Sometimes I will sit and wonder at the palace I have created. Not the workmanship or innate beauty of its architecture or engineering skill, but moreover the fact that it has stood standing as long as it has. I am by nature a deconstructionist where metaphysics and ontology collide. Words written about God have 2 dimensions and try to describe God in 3 dimensions. Theos Logos (theology) or Words of/on God are only truly effective if they embrace God in all 11 dimensions (I apologize to string theorists for co-opting the concept) and for me to truly know him to the fullest extent I can I need to break down those dimensional structures to understand how they hold together so I can get the clearest image of God possible for my 3 pound fallen brain. Sometimes that works very well and sometimes that creates a house of cards afraid of the slightest breeze.
Most of the time after careful work removing structural parts and replacing them with other pieces I am left with questions. What does it mean to be a man of God, a pastor, a man after Gods own heart? The Westminster Catechism says the chief end of man is to glorify God and enjoy him forever. Does that even have meaning today? In 1647 it was intended to bring people together around a central belief while adding value to their lives. I am not sure it really worked then, at least not to the extent they wanted, but does that have any real meaning today? If the chief purpose of my life is to be a venue or example of God’s handiwork and thereby glorify him, then what is my part in it?
What am I doing and how can I tell if I am doing it well? I experience life at what seems like a hundred miles an hour and yet the things I remember most or at least most often are the moments of pain and regret for things I have lost along the way. Vivid recollections of soul wrenching agony over the loss of a loved one or horrendous acts I can neither take back or otherwise remove from my memories. Some days I am lost in a maelstrom of tasks to complete and the desire to shut down. I fight the urge to remember the good I have done to compete with the darkness for the simple reason that if it was truly good, it can not be used as a bargaining chip to assuage guilt or shame or loss.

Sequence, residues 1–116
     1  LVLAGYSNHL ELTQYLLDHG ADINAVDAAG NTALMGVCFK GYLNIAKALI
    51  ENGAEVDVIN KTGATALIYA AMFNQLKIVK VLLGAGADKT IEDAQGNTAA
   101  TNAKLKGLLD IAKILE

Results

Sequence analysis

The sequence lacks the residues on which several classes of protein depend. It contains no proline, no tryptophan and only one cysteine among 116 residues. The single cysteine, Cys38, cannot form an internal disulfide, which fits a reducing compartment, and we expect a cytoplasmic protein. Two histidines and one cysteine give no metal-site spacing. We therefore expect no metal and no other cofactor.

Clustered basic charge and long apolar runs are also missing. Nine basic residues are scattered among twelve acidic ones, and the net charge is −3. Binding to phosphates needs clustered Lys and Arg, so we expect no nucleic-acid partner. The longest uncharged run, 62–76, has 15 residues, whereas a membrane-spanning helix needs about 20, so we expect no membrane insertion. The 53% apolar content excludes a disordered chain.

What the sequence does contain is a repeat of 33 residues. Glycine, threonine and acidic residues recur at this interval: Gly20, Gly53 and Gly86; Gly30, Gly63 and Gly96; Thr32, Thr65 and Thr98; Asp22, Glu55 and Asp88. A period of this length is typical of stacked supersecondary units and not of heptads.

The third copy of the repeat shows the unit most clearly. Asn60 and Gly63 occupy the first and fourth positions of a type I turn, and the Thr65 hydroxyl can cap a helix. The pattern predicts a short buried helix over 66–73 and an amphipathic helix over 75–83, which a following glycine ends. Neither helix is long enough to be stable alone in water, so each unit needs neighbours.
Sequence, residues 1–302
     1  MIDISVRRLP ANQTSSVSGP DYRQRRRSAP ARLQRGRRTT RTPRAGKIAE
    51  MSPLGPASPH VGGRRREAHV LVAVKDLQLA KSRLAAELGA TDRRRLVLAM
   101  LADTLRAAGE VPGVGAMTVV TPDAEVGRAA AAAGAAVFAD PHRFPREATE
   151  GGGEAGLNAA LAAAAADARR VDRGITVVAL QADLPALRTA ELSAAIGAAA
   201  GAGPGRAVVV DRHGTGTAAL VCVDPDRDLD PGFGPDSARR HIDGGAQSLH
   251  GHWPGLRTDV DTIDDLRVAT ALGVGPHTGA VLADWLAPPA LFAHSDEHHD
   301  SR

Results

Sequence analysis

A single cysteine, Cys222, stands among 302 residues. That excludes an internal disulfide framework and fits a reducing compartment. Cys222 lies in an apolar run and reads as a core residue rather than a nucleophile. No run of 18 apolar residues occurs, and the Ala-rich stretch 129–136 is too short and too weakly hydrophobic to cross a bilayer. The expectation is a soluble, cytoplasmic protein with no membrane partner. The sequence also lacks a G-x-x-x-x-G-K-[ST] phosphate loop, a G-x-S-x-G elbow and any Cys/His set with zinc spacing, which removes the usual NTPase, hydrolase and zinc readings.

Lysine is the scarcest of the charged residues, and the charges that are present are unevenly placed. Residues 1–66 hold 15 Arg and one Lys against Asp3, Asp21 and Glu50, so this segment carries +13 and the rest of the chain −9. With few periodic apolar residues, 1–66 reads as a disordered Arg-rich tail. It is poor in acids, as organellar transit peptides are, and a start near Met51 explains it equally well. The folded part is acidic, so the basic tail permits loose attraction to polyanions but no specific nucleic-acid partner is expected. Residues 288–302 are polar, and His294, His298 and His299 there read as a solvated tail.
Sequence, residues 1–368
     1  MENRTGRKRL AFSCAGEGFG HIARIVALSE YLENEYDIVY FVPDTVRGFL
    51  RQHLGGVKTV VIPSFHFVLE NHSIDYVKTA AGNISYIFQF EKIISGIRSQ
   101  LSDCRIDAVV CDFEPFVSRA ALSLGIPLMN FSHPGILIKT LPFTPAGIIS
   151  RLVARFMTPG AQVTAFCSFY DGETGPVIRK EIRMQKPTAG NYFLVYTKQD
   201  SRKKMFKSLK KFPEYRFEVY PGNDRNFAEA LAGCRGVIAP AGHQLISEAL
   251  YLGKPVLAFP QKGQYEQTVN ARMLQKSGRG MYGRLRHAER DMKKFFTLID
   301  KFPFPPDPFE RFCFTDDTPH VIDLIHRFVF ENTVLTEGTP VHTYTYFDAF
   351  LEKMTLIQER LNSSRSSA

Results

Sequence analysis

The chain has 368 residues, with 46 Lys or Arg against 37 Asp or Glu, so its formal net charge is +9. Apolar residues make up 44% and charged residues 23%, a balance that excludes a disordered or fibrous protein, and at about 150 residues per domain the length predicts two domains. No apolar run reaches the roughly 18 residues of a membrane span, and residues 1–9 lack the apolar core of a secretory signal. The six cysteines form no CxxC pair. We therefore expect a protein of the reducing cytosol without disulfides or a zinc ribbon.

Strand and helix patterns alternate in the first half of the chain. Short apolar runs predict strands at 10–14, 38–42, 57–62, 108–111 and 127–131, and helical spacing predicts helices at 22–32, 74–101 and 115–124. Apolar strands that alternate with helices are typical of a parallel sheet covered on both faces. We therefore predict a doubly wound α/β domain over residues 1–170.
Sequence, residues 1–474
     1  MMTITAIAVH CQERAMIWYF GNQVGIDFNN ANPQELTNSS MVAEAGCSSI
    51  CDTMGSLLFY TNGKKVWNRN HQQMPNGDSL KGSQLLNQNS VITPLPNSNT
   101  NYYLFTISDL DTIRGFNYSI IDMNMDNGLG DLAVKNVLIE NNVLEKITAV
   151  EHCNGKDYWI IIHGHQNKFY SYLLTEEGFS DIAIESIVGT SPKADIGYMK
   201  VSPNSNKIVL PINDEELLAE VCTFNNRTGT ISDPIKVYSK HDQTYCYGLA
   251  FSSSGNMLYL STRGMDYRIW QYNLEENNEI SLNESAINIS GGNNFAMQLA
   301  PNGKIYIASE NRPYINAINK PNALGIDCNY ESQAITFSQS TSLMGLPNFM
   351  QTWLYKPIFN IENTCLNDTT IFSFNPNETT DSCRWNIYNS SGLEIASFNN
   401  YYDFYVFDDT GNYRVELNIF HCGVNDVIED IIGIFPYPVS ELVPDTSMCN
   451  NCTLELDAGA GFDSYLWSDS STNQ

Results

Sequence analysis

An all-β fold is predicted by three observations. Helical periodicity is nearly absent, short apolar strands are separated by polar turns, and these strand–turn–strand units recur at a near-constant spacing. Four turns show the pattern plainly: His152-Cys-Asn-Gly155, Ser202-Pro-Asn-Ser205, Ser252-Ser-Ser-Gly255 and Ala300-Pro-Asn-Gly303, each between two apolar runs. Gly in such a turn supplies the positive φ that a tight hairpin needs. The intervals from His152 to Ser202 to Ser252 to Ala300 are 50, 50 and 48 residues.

But wait a minute, what about grace? The central idea of Christianity that binds all things together with the power of the love of God and yet I seem to let the idea slip my mind when I am thinking about myself. Don’t get me wrong, part of the job, part of the essence of being a voice for the Creator is that I will fight (metaphorically) vehemently for others to see that and never believe the voices in their heads that say they can’t. I will travel long distances and struggles to help people see that God’s grace is real and life changing. It is not something that exists because we believe, we believe because it exists. Yet somehow in the midst of the struggle, I seem to forget that the message so crucial to the lives of others is for me as well. The simpleness of the problem is almost laughable, yet somehow still seems to haunt me.
Is it a lack of faith? Is it pride? Is it just a lack of knowledge? Simply put, maybe, could be, and I doubt it would be that easy. Faith is a construct of hope and trust held together by real world applicable experience. I have plenty of that for this purpose. Pride is a trait easy to put down when you compare yourself to the Divine but somehow it follows you like a stalking cat waiting to pounce when you least expect it only nowhere near as playful and cute. The trick is to do that comparison daily to keep it in check. Knowledge is just the applicable connection of facts to be remembered, or is it? To truly know God, we need to experience God. Not just the earth shattering sea parting salvation from our worst nightmare but the connection to our daily sustenance and air itself. True knowledge is that God is in and with us each moment, even when we are lost in the malaise.
So the increased faith through the rejection of pride and experiencing God daily for all that he does seems to be the candlelight in the darkness that lets us navigate our way home. Could it be that easy? Well, I am not sure easy is the right word for it, but it is that real, that sure, and that comforting. I think I will give that a try.